Watching Brooklyn in San Francisco

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I stepped out of the theatre and called a Lyft. “You speak Arabic?” was the first question my driver asked me. He was Moroccan; been living in the city for two years he said. “I had the best days of my life in Tunisia; my ex-girlfriend was from there, and I am still in love with her.” He told me all about her, and asked me not to speak in my Tunisian dialect so much because it reminds him of her. We spoke about the bled (in French) and what it meant to us. Excited conversation was followed by a pregnant silence: you know, the kind where you realize that too much had been said but that it was all too sincere. About a minute passed before he finally said, “But I will go back to Casablanca of course. I have no business here. I have a huge house there — you know it cost me about a million dollars to build. It’s home for me.” I tell him I understand the sentiment well, and he continues: “Plus, my mother lives there and I am her only child. I must go back, it’s unfair to either of us to be so far apart.”

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In the film Brooklyn, Eilis’s relationship with her mother is what weighs the most in her attachment to her homeland, Ireland. Following Eilis’s sister’s death, the mother finds herself alone — the house is empty and her last remaining relative is across the Atlantic. Eilis visits Ireland to grieve her sister’s passing, and is tempted to stay — if only to keep her mother company at such old age. After all, her sister’s death took a toll on her, too. In the film, we witness the gut-wrenching moment of Eilis realizing that she cannot attend her sister’s funeral service because it is too arduous and long of a journey to make it before the sister is laid to rest.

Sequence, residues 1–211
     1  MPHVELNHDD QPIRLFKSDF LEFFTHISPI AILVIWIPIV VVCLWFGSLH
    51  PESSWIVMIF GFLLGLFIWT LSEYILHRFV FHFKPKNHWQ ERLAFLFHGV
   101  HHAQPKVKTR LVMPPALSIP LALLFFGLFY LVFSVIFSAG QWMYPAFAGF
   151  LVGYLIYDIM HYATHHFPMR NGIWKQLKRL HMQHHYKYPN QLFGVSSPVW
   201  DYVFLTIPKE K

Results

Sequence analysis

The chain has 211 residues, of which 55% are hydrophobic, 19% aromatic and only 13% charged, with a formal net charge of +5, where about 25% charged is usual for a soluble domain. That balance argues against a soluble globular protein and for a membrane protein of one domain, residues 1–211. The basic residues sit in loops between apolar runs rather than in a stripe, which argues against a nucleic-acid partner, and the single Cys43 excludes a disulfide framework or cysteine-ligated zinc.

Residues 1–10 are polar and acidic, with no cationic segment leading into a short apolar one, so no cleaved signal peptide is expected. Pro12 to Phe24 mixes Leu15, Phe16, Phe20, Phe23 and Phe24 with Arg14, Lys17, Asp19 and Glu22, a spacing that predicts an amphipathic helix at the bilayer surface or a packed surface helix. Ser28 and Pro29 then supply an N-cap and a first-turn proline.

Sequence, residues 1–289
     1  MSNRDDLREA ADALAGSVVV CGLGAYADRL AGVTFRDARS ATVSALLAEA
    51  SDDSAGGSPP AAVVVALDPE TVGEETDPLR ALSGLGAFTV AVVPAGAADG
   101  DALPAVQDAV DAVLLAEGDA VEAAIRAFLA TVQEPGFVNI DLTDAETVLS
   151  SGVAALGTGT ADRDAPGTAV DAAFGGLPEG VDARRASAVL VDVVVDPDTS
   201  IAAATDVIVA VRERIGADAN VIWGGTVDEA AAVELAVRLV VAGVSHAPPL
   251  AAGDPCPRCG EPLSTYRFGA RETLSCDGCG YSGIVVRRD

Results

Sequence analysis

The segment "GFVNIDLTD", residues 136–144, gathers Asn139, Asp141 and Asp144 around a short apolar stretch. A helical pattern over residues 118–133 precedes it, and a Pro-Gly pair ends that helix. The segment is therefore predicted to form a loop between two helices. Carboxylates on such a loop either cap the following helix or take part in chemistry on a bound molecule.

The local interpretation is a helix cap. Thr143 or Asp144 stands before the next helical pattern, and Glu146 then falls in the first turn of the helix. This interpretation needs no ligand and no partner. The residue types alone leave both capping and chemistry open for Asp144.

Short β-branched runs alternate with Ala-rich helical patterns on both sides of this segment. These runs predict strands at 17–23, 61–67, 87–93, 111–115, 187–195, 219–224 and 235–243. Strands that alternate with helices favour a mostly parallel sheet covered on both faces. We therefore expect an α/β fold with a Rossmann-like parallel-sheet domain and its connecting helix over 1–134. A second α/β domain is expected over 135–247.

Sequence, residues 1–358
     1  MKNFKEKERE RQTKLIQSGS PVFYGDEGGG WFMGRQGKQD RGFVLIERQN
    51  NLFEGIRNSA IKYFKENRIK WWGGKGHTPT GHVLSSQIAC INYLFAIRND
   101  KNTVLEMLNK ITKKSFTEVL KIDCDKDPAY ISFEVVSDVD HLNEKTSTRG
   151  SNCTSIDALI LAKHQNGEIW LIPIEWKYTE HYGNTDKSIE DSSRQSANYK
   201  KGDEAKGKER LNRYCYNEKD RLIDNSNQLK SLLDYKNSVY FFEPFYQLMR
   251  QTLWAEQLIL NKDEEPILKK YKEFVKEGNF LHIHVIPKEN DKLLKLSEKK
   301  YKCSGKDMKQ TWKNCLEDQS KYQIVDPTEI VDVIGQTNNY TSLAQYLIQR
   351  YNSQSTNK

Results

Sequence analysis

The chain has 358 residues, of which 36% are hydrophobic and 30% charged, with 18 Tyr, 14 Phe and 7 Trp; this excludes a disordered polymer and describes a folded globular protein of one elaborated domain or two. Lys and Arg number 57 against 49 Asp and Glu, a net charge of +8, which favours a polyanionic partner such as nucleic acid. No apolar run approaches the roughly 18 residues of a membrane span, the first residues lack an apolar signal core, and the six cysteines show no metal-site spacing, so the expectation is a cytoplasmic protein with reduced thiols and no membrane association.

I’ve been there myself. My grief was multiplied when I found out that I was unable to go to Tunisia for my grandmother’s funeral. She was my shining light and my closest relative. Being incapable of seeing her one last time — unable to bid her farewell and honor her presence in my life — still remains a seemingly insurmountable source of pain. When Eilis visits her sister’s grave, she tells her: “I cannot believe that I’m married to someone you’ll never know.” We are unable to reconcile facing such grave finality with the glistening novelties life offers us. They will never know.

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Yet it is those very same emotional ties that push Eilis back to New York. She sails back to New York because her heart pulled her back. Eilis began creating something new for herself there, and she must continue building on it. Complicating matters is her marriage to Tony, the Italian-American she met in Brooklyn. She fell in love, and she decided that she couldn’t leave the dream they are pursuing behind.

The film cuts right into the heart of transatlantic senses of belonging and love (and how they overlap). It demonstrates the confusions we are confronted with when experiencing love that is mired with arbitrary geography that is still bigger than us. A heart that feels home here, and there. Brooklyn narrates the necessity of embracing the inevitable when crossing that ocean. It is a human story about, as the Lyft driver describes it, the unfairness of being torn apart between two homes.

Such a humanizing film on the immigrant experience could not have been any timelier.

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